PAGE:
Purpose of the Convention

The purpose of the Convention is to abolish the requirement of legalisation and to facilitate the use of public documents abroad.  Abolishing the requirement of legalisation8In general, a public document may be produced in the State in which it is executed without the need for its origin to be verified. This is based on the principle that the origin of the document lies in the document itself (acta probant sese ipsa), without the need for additional verification of its origin. When the document is produced abroad, however, its origin may require verification. This is because the recipient may not be familiar with the identity or official capacity of the person signing the document, or the identity of the authority whose seal/stamp it bears. As a result, States began to require that the origin of a foreign public document be certified by an official who is familiar with the document. It is against that background that the procedure known as “legalisation” developed.

Legalisation describes the procedures whereby the signature/seal/stamp on a public document is certified as authentic by a series of public officials along a “chain” to a point where the ultimate authentication is readily recognised by an official of the State of destination and can be given legal effect there. As a practical matter, Embassies and Consulates of the State of destination located in (or accredited to) the State of origin are ideally situated to facilitate this process. However, Embassies and Consulates do not maintain samples of the signatures/seals/stamps of every authority or public official in the State of origin, so an intermediate authentication between the authority or public official that executed the public document in that State and the Embassy or Consulate is often required. In most cases, this involves an authentication by the Ministry of Foreign Affairs of the State of origin. However, depending on the law of the State of execution, a series of authentications may be required before the document can be presented to the Embassy or Consulate for authentication. Then, depending on the law of the State of destination, the seal/stamp of the Embassy or Consulate may be recognised directly by the official in that State, or may need to be presented to the Ministry of Foreign Affairs of that State for a final authentication.While differences exist among States, the legalisation “chain” typically involves a number of links, which results in a cumbersome, time-consuming and costly process.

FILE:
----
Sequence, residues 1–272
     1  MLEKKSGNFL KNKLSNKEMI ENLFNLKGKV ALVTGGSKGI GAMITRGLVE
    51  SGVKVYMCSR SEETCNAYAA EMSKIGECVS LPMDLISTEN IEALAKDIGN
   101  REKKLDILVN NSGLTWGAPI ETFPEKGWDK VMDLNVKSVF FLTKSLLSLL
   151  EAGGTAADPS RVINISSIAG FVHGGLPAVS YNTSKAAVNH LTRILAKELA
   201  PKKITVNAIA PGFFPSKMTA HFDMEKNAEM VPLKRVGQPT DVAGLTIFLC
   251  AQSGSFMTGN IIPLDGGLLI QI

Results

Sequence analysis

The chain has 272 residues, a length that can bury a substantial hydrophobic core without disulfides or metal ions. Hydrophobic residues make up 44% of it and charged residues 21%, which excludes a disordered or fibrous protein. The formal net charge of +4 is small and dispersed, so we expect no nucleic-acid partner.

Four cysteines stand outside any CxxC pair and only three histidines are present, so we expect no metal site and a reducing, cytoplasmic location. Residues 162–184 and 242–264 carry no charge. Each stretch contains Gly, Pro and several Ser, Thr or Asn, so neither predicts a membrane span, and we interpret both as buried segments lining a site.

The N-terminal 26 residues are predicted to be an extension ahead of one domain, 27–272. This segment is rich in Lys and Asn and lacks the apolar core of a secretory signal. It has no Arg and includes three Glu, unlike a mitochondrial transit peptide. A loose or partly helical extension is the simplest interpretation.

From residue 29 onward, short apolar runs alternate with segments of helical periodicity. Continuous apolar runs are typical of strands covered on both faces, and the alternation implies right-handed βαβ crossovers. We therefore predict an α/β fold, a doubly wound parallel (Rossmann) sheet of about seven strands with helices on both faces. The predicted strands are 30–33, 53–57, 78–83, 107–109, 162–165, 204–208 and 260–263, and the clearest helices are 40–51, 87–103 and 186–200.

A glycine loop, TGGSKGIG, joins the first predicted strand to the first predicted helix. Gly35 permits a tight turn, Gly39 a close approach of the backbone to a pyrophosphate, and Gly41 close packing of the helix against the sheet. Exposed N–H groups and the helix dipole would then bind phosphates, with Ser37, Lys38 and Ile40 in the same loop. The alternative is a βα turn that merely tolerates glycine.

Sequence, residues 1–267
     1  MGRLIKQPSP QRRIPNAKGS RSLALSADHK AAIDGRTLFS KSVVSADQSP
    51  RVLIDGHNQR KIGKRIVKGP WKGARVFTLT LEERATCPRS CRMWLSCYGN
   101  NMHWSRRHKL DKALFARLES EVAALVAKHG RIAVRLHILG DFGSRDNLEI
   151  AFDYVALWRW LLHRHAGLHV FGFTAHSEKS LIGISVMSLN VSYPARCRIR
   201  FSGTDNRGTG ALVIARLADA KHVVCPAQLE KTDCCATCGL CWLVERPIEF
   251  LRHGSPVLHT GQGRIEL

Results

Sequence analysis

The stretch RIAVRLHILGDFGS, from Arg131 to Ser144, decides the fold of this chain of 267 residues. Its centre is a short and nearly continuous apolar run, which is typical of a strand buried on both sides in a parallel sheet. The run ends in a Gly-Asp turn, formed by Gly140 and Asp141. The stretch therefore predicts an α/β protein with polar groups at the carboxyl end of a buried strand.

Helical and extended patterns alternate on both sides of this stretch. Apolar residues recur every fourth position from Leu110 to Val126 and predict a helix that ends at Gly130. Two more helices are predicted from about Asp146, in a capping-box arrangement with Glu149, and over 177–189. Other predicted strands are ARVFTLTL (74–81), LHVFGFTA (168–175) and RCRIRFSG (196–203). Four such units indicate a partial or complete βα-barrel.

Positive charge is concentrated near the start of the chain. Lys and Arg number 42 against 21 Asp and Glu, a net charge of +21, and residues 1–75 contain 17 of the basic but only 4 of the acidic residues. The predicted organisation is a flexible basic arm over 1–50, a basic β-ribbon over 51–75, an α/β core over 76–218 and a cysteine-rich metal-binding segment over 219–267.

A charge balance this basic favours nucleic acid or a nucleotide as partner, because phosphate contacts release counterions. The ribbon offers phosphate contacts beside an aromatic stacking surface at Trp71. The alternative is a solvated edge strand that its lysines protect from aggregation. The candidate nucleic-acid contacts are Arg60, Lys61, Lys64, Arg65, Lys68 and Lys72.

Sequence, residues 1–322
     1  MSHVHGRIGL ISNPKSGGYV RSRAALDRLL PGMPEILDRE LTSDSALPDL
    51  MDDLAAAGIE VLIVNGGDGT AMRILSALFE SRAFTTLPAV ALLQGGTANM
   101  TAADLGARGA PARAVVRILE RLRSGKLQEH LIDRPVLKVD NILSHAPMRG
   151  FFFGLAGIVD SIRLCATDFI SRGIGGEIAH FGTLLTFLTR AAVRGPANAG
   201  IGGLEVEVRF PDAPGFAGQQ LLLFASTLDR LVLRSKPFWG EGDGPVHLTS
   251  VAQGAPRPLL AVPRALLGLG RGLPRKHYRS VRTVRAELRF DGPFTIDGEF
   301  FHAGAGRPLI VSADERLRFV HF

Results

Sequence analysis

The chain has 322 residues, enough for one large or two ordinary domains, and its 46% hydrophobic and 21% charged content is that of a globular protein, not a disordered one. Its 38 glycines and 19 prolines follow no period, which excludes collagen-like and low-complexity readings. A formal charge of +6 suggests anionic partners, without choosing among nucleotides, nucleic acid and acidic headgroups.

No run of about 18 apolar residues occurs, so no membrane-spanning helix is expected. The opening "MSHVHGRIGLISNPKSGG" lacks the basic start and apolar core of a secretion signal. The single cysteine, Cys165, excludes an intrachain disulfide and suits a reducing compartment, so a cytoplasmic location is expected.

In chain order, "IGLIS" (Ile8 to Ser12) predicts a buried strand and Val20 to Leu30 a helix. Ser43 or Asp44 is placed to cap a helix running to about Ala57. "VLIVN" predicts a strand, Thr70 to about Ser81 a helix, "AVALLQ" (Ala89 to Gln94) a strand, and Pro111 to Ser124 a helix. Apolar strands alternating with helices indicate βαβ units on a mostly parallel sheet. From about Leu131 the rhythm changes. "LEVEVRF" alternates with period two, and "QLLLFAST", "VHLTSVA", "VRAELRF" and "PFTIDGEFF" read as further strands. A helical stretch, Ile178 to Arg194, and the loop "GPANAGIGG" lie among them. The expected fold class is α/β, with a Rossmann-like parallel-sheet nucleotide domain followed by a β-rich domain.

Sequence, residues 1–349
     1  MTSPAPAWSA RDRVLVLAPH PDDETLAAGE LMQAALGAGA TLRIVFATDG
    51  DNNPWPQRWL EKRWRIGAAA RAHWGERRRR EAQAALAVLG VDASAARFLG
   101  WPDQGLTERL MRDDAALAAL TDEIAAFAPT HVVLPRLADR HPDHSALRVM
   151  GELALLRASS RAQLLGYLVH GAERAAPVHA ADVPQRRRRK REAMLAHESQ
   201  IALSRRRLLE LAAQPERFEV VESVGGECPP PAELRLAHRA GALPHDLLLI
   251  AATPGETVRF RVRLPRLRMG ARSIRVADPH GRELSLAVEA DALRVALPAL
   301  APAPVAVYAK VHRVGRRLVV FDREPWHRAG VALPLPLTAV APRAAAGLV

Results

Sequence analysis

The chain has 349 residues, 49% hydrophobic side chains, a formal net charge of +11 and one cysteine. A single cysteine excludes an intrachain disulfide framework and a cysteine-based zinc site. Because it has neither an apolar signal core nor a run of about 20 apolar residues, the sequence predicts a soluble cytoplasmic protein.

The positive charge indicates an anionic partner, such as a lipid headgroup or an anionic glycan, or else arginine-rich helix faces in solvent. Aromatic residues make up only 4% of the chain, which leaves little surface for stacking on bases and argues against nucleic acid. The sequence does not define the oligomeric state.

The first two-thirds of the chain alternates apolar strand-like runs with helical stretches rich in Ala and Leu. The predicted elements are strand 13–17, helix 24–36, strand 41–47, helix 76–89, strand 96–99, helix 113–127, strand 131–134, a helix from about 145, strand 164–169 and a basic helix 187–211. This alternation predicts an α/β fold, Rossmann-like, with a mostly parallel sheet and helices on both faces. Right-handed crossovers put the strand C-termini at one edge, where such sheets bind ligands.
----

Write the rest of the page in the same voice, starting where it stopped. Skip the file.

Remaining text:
The simplified process put in place by t he apostille conventionWhere it applies, the Apostille Convention abolishes the legalisation process and replaces it with a single formality: the issuance of an authentication certificate – called an “Apostille” – by an authority designated by the State of origin – called the “Competent Authority”.